“We all need to join hands now.”
In his segment of the “Ten Minutes Older”-project German director Werner Herzog sheds some light on one of the most disturbing features of the passing of time, and how much is lost every day without us giving it a second thought. The Amondauas, an indigenous tribe of Brazil, were probably the last tribe to be discovered in 1981, an event with devastating effects on the people who came into contact with the outside world while their life had been a “stone age existence” as Herzog calls it in his short documentary. Interviewing two members of the tribe, who had been among those welcoming the explorers, one realizes the wounds time had created: with many of their tribe wiped out due to chicken pox and other diseases, perhaps the most significant change has been the adjustment to the rest of the world. Young people in their tribe describe their shame for the backwardness of the tribe’s elders and wish for a better, more modern life in the urban parts of South America.
In general, capturing time, showing something, a moment, a place or a person in front of a camera, has been one of the most important features of the medium of film. In his essay “Sculpting in Time” Russian director Andrei Tarkovsky defines the responsibility of the artist as one showing time, as one who – as the title suggests – uses time as the main material for the art. Besides feature films, especially documentary filmmaking represents this kind of understanding when the material captures time and places, makes it possible to re-connect with time, people or spaces which have been either lost, or create an awareness of the world and the time around us.
With regards to this definition of the possibilities of film, Argentinian director Georgina Barreiros may just walk in the same footsteps as Herzog and so many others. While her first documentary, “Icaros” (2014), deals with the Shipido indigenous people living in the Peruvian rain forest, her new project focuses on a similar theme with a people captured between change and tradition. “Tara’s Footprint” is set in a village near Khecheopalri lake in the West Sikkim district of Northeastern India. Although it is a region marked by tradition and Buddhism, global tourism as well as deforestation have also left their footprints in the area, making her film also a vision of how the village is at the brink of a change.
Generally speaking, there is no need for any kind of pretext or knowledge walking into a feature such as “Tara’s Footprint”. Considering the people behind each shot seem to be fully confident in the expressive capabilities of their visuals, the people they show and the events taking place in front of the audience, any viewer can experience the same kind of trust in the image. In a statement about the film, Georgina Barreiro states she believes “in the fundamental aspect of resilience” which lies in “accepting impermanence”. The issue is therefore not with the images or what kind of message they might convey, but with the fleeting moment being captured here, that it is irretrievably gone. Like a footprint, the scene in the film shows what has been left behind, the story of the moment, but the moment itself has long gone.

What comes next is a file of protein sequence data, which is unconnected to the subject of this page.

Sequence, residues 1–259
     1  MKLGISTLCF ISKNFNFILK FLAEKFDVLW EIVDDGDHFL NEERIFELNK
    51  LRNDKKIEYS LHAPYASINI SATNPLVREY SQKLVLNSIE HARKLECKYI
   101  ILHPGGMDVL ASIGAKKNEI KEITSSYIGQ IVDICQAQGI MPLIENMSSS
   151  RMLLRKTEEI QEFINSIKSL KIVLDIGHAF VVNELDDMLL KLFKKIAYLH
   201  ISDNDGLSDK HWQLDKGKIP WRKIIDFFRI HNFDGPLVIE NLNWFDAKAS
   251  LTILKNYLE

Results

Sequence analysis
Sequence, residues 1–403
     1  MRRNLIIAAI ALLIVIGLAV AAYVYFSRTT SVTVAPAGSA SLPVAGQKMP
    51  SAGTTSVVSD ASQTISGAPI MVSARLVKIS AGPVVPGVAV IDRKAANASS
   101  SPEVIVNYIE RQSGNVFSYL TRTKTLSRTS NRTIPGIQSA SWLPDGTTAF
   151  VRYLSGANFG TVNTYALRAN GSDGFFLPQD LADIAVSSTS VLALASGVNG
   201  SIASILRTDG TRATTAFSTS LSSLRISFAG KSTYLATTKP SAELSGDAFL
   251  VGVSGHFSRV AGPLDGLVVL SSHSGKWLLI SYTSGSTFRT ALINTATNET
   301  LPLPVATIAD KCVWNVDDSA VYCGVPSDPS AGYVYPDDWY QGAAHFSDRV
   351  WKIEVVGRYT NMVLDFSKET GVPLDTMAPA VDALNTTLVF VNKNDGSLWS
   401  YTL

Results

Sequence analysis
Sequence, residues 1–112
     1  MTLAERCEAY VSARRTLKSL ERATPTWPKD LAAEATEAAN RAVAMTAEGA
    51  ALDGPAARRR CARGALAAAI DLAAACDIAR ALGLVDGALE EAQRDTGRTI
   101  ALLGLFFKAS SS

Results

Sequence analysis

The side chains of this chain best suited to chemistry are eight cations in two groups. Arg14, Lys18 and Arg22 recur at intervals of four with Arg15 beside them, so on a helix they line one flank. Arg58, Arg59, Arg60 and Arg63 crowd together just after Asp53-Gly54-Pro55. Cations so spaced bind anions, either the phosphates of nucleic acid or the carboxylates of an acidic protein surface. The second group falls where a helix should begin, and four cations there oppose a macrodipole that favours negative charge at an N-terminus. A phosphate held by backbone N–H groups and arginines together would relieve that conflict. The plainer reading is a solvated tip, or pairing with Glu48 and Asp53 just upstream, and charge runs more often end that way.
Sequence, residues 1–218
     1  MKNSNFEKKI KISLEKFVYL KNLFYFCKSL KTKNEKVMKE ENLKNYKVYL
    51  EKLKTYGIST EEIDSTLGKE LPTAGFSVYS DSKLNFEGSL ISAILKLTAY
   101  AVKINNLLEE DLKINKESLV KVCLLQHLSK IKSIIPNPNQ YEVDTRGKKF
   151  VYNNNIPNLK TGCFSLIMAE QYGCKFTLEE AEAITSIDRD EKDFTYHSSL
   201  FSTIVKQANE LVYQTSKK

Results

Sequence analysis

Throughout the whole film, there is this fascination, an almost Buddhist belief, in the contemplation of the moment. The aforementioned Andrei Tarkovsky celebrated the nature of memory in a similar way, as an image sculpted with the medium of film, but in the end a precious moment which is also gone and weaved into the fabric of time. In the case of “Tara’s Footprint”, each moment seems to embrace the nature of this moment being only one of many, fragile and ultimately just a piece of life shared with others. For example, during a wedding ceremony, young boys talk about their future prospects, planning a possible career abroad and/or in the field of tourism. At last, Leonardo Val’s camera captures these people living in sync with these characteristics of time as if it were a great symphony or dance and each moment just one step of many. Each one brief, bur precious nevertheless.
Besides the motif of time and memory, there is also the issue of connectedness in the film. Given the theme of impermanence as the director defines it, time seems to be an axis, one of many connecting people and places. In other words, the small fragment of time “Tara’s Footprint” presents bears a strong link to the world as a whole, represents the world as one this small village. Even though the movie seems to be about death, in the end the scenes of dancing, singing, making music and laughter are celebrations of life itself, emphasizing its briefness, but also how precious each moment is.
“Tara’s Footprint” is a movie about time, about the omnipresence of life and death in our lives as well as our moments on this earth. Emphasized through the use of long, static takes, “Tara’s Footprint” is a film which requires patience and open-mindedness from its viewer, for its tale is universal, and can be translated easily into any language in any country.
1) https://www.amnh.org/explore/margaret-mead-film-festival/films/tara-s-footprint, last accessed on: 10/07/2018
2) Valceschini, Loïc (2018) Tara’s Footprint
https://www.semainedelacritique.ch/2018/lahuelladetara.html, last accessed on: 10/07/2018
3) https://dafilms.com/film/9689-icaros, last accessed on: 10/07/2018